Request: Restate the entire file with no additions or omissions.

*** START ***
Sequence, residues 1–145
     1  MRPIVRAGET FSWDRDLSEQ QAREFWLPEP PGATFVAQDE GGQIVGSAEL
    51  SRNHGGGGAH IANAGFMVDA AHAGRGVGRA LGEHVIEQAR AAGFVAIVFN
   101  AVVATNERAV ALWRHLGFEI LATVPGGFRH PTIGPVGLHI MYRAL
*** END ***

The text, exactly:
Sequence, residues 1–145
     1  MRPIVRAGET FSWDRDLSEQ QAREFWLPEP PGATFVAQDE GGQIVGSAEL
    51  SRNHGGGGAH IANAGFMVDA AHAGRGVGRA LGEHVIEQAR AAGFVAIVFN
   101  AVVATNERAV ALWRHLGFEI LATVPGGFRH PTIGPVGLHI MYRAL